Email updates

Keep up to date with the latest news and content from BMC Genomics and BioMed Central.

This article is part of the supplement: Eleventh International Conference on Bioinformatics (InCoB2012): Computational Biology

Open Access Proceedings

Space-related pharma-motifs for fast search of protein binding motifs and polypharmacological targets

Yi-Yuan Chiu1, Chun-Yu Lin1, Chih-Ta Lin1, Kai-Cheng Hsu1, Li-Zen Chang1 and Jinn-Moon Yang12*

Author affiliations

1 Institute of Bioinformatics and Systems Biology, National Chiao Tung University, Hsinchu, 30050, Taiwan

2 Department of Biological Science and Technology, National Chiao Tung University, 75 Po-Ai Street, Hsinchu, 30050, Taiwan

For all author emails, please log on.

Citation and License

BMC Genomics 2012, 13(Suppl 7):S21  doi:10.1186/1471-2164-13-S7-S21

Published: 13 December 2012

Abstract

Background

To discover a compound inhibiting multiple proteins (i.e. polypharmacological targets) is a new paradigm for the complex diseases (e.g. cancers and diabetes). In general, the polypharmacological proteins often share similar local binding environments and motifs. As the exponential growth of the number of protein structures, to find the similar structural binding motifs (pharma-motifs) is an emergency task for drug discovery (e.g. side effects and new uses for old drugs) and protein functions.

Results

We have developed a Space-Related Pharmamotifs (called SRPmotif) method to recognize the binding motifs by searching against protein structure database. SRPmotif is able to recognize conserved binding environments containing spatially discontinuous pharma-motifs which are often short conserved peptides with specific physico-chemical properties for protein functions. Among 356 pharma-motifs, 56.5% interacting residues are highly conserved. Experimental results indicate that 81.1% and 92.7% polypharmacological targets of each protein-ligand complex are annotated with same biological process (BP) and molecular function (MF) terms, respectively, based on Gene Ontology (GO). Our experimental results show that the identified pharma-motifs often consist of key residues in functional (active) sites and play the key roles for protein functions. The SRPmotif is available at http://gemdock.life.nctu.edu.tw/SRP/ webcite.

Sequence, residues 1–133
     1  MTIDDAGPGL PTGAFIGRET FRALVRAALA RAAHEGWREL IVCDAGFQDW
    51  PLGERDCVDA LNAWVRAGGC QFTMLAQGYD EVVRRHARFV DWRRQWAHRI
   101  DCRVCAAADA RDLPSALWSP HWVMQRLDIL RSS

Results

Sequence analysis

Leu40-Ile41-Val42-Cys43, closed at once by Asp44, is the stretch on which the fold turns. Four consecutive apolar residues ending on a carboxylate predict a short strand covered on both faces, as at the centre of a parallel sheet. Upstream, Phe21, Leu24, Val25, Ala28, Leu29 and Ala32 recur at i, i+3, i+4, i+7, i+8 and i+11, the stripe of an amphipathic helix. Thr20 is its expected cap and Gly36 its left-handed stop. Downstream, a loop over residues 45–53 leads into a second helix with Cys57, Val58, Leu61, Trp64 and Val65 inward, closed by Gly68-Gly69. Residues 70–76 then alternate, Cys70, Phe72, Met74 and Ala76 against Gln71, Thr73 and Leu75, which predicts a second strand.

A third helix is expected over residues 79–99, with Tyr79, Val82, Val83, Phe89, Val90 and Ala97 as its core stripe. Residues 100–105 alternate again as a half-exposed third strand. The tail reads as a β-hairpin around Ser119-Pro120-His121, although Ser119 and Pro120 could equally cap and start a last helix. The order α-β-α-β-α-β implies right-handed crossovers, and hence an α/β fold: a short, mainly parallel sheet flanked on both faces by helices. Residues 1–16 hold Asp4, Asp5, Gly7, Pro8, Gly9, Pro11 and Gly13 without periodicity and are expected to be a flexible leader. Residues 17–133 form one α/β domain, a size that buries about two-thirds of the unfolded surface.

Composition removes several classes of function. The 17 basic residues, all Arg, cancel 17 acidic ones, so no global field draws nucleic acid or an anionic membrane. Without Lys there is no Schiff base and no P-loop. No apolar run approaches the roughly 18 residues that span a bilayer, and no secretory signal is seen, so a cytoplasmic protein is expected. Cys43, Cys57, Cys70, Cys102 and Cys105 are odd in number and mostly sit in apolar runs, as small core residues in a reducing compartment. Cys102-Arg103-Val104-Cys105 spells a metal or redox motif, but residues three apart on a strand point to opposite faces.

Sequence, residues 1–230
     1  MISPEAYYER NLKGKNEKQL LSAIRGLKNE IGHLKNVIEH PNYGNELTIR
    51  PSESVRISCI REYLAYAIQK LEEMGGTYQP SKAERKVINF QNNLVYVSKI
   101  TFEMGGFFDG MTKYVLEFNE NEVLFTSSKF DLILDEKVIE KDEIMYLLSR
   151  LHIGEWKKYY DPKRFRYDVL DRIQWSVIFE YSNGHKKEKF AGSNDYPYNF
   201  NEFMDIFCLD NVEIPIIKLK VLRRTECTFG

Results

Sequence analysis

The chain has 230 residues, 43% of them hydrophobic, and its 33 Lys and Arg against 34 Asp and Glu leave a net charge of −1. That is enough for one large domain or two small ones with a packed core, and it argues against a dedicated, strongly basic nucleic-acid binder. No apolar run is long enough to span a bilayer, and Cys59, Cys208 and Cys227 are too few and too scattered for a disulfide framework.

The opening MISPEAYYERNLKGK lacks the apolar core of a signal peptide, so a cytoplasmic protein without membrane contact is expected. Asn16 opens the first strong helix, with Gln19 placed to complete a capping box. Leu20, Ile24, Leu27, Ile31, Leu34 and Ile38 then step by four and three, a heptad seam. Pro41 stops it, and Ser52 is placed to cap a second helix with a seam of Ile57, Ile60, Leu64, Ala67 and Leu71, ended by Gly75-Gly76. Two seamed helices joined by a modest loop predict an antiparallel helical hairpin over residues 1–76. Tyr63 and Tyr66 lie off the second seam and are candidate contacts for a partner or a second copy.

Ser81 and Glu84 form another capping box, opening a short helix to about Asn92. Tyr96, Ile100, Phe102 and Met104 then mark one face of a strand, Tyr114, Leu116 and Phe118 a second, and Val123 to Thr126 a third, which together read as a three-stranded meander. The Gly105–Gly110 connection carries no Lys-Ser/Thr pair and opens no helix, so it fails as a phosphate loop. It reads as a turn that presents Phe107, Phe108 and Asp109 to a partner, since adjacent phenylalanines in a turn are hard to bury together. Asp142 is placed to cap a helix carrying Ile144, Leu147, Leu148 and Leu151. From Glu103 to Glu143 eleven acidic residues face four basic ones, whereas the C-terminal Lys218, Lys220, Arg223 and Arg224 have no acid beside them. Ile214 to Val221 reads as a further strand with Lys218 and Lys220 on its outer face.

Conclusions

SRPmotif is able to identify similar pharma-interfaces and pharma-motifs sharing similar binding environments for polypharmacological targets by rapidly searching against the protein structure database. Pharma-motifs describe the conservations of binding environments for drug discovery and protein functions. Additionally, these pharma-motifs provide the clues for discovering new sequence-based motifs to predict protein functions from protein sequence databases. We believe that SRPmotif is useful for elucidating protein functions and drug discovery.